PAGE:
As much of the US is in the grip of a frigid arctic air mass, California is in the grip of a ridge of high pressure that has blocked the procession of drenching storms we had in December.
A similar pattern, dubbed the Ridiculously Resilient Ridge, set up at this time last winter and pushed the normal storm track to the Pacific Northwest and Canada, resulting in one of the driest years on record in California. This winter, the December storms got us off to an above average start and raised hopes that the drought was coming to an end. But with the three weeks of dry weather and a forecast for at least one more dry week, we will likely fall below average by January 15th. If the Ridiculously Resilient Ridge returns and blocks precipitation for the rest of the winter, we will be in trouble.
It seems unlikely, at least statistically, that a drought as bad as last year will recur, but after three dry years for our rivers and fish, we have little resiliency and water storage is far behind needs. This is especially true for the San Joaquin River. The December storms helped, but California reservoirs remain about half of average for this time of year.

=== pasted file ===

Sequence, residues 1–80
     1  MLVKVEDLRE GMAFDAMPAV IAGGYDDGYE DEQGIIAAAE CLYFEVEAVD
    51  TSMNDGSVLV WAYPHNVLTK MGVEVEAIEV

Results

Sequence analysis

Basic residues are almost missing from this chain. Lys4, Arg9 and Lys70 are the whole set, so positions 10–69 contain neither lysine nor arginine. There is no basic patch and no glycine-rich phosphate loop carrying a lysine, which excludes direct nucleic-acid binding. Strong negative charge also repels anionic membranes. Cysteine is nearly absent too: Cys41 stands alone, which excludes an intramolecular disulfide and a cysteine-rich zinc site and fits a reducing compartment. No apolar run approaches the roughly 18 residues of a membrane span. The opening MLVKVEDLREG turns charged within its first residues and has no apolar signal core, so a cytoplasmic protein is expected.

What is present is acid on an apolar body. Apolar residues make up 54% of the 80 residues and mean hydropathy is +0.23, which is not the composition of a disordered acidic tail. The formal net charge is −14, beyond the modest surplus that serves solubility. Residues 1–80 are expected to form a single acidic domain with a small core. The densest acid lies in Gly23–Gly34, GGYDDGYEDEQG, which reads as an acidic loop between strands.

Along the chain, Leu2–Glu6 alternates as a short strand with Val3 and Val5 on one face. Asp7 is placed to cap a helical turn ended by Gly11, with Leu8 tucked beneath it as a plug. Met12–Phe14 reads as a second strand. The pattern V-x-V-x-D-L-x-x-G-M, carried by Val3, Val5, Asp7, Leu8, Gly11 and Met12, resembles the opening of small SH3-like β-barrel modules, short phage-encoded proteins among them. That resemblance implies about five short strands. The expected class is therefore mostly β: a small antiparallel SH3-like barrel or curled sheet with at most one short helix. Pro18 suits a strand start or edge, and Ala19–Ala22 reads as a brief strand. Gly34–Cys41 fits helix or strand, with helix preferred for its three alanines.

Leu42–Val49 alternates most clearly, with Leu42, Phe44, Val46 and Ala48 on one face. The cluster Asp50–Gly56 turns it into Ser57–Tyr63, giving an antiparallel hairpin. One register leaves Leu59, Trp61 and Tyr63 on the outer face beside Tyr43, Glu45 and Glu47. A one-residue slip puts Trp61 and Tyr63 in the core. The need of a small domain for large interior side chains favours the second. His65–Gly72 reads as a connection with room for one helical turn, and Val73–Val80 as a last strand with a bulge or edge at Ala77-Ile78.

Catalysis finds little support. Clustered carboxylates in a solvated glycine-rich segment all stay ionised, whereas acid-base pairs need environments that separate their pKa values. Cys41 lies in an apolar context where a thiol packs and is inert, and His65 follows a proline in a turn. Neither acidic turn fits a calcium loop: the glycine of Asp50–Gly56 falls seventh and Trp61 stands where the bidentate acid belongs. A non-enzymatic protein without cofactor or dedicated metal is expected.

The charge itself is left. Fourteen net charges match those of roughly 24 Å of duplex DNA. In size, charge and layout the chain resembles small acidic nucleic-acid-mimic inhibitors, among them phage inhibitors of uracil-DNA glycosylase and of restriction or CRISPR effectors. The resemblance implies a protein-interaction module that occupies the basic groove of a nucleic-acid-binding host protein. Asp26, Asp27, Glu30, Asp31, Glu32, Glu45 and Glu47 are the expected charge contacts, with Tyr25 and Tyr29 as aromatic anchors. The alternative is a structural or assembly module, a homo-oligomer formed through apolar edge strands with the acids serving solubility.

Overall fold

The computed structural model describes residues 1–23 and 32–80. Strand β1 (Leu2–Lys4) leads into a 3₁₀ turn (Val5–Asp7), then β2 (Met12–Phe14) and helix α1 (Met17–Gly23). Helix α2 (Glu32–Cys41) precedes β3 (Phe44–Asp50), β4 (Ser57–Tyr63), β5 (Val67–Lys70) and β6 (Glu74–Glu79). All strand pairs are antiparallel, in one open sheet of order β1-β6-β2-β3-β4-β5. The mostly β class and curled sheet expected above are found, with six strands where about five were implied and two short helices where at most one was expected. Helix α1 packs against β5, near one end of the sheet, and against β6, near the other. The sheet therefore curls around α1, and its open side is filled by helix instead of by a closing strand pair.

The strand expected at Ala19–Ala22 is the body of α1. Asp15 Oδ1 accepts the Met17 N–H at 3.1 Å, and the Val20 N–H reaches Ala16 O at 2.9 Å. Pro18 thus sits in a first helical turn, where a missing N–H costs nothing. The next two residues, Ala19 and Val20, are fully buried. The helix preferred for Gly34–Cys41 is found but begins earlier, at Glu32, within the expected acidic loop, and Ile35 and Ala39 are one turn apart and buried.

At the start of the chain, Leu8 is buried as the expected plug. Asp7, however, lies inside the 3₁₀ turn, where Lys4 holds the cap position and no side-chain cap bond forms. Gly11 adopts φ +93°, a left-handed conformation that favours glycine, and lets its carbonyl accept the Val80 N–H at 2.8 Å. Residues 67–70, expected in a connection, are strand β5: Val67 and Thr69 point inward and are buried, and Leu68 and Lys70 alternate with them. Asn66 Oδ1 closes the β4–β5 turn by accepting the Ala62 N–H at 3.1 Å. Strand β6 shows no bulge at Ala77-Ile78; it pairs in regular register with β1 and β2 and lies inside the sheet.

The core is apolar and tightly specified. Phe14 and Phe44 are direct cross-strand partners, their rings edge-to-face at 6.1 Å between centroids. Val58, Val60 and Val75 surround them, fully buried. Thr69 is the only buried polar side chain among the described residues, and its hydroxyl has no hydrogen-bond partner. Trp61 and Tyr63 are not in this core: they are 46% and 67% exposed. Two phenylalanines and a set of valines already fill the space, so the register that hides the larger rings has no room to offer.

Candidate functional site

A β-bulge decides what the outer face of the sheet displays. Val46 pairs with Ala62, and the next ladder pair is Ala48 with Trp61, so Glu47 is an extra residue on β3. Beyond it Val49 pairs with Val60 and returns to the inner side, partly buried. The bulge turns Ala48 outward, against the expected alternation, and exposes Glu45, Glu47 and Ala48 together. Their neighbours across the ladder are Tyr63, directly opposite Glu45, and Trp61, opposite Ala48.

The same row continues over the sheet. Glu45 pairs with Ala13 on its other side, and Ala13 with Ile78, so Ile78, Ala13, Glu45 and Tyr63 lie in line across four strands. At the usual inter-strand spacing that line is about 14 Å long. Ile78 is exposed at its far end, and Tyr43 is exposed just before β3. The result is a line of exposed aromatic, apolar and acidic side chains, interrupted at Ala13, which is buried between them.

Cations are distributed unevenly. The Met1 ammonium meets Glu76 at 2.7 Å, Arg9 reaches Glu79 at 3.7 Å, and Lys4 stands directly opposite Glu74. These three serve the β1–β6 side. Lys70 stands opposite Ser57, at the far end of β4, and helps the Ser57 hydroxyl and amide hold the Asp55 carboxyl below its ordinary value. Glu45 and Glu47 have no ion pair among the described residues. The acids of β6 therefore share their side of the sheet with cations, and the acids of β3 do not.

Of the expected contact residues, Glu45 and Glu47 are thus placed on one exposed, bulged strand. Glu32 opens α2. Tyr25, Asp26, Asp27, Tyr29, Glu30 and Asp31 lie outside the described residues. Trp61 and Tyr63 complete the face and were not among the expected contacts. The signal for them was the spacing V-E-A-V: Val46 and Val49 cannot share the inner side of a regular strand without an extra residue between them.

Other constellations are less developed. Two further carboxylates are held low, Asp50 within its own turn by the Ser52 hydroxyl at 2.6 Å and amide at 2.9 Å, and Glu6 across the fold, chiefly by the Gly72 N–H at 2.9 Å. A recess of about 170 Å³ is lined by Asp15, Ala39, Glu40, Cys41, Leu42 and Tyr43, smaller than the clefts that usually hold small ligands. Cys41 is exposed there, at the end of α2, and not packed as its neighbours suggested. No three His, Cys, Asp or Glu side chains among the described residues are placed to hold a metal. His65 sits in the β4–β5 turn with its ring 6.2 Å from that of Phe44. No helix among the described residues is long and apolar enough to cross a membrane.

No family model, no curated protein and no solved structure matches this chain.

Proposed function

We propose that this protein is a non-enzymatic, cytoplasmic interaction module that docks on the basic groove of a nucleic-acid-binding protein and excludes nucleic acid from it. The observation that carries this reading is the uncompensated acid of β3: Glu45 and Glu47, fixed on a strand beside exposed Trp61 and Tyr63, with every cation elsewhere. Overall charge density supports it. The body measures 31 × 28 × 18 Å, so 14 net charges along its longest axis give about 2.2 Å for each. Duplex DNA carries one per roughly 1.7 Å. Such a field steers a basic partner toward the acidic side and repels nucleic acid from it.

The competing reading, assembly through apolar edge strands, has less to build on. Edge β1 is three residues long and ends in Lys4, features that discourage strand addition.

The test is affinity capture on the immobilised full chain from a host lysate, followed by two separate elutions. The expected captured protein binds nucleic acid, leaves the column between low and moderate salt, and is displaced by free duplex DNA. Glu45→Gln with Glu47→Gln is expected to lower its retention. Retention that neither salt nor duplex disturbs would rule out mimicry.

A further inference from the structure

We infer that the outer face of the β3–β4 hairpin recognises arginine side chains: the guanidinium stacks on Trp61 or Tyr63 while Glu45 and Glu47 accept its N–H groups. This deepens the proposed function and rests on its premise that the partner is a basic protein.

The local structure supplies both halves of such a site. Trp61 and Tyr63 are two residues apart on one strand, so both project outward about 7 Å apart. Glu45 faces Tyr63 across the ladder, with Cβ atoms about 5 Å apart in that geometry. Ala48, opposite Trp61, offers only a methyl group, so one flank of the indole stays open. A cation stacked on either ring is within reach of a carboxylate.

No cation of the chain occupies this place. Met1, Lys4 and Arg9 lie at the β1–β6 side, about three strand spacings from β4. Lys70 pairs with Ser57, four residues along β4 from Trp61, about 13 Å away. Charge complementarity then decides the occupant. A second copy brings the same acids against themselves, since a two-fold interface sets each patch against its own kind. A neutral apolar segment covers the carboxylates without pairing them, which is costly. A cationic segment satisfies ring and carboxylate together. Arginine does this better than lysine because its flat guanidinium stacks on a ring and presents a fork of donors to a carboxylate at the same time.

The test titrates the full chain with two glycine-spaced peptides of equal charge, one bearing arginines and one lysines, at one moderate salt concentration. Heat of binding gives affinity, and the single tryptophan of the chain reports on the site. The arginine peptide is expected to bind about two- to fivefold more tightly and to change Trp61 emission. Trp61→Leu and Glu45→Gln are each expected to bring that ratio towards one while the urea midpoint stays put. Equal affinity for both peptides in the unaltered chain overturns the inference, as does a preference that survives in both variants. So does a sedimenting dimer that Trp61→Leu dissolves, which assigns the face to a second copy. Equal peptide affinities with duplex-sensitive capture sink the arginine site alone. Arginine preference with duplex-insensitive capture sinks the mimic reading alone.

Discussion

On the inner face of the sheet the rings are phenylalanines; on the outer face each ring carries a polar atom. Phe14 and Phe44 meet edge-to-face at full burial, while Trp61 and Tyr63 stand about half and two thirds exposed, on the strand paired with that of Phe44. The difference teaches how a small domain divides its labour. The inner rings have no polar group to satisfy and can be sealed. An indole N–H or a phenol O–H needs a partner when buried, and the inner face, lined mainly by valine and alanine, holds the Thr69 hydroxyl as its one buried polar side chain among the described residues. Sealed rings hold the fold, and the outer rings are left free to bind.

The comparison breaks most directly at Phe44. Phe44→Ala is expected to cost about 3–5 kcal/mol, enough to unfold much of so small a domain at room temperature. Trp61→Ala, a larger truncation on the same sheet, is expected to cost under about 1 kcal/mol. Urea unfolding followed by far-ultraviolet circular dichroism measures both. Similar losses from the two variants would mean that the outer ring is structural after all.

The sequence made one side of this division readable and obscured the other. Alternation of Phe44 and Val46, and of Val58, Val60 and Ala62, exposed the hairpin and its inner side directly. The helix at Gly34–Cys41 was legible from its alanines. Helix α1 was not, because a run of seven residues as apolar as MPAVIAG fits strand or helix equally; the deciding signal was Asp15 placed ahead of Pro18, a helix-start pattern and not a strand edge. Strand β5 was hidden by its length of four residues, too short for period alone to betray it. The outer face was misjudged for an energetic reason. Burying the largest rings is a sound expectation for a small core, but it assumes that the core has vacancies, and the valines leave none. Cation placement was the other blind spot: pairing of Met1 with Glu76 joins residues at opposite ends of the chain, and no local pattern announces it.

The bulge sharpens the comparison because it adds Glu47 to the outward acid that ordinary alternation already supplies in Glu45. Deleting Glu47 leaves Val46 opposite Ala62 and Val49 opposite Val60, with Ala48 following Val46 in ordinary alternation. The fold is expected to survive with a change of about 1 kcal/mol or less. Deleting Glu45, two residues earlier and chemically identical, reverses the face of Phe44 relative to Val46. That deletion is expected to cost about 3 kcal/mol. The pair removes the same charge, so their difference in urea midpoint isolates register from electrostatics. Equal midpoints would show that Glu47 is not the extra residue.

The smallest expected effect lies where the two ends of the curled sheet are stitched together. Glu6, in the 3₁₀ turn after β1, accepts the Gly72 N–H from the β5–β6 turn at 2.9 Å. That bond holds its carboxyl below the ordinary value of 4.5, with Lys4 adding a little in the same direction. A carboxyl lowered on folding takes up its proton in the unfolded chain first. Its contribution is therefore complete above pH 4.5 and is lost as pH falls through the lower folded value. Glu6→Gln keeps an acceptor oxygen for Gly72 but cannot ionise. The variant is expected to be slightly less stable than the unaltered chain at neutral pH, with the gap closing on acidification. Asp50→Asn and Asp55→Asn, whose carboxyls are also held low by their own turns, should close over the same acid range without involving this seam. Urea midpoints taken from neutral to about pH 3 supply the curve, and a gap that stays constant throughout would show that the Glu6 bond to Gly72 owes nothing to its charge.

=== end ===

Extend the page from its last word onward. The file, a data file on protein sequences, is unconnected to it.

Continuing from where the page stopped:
Our wet season is far from over, and the seasonal forecast from the National Weather Service shows a probability of above average precipitation this winter, so there is some basis for hope. However, as each day dawns warm and dry, we drift closer to another year of drought. Already, the state and federal agencies responsible for managing California’s water system and protecting imperiled fish and wildlife have developed an Interagency 2015 Drought Strategy that lays out a plan to adapt to what could be year 4 of a ridiculously resilient drought. This is one strategy everyone would be glad to have gather dust on a shelf.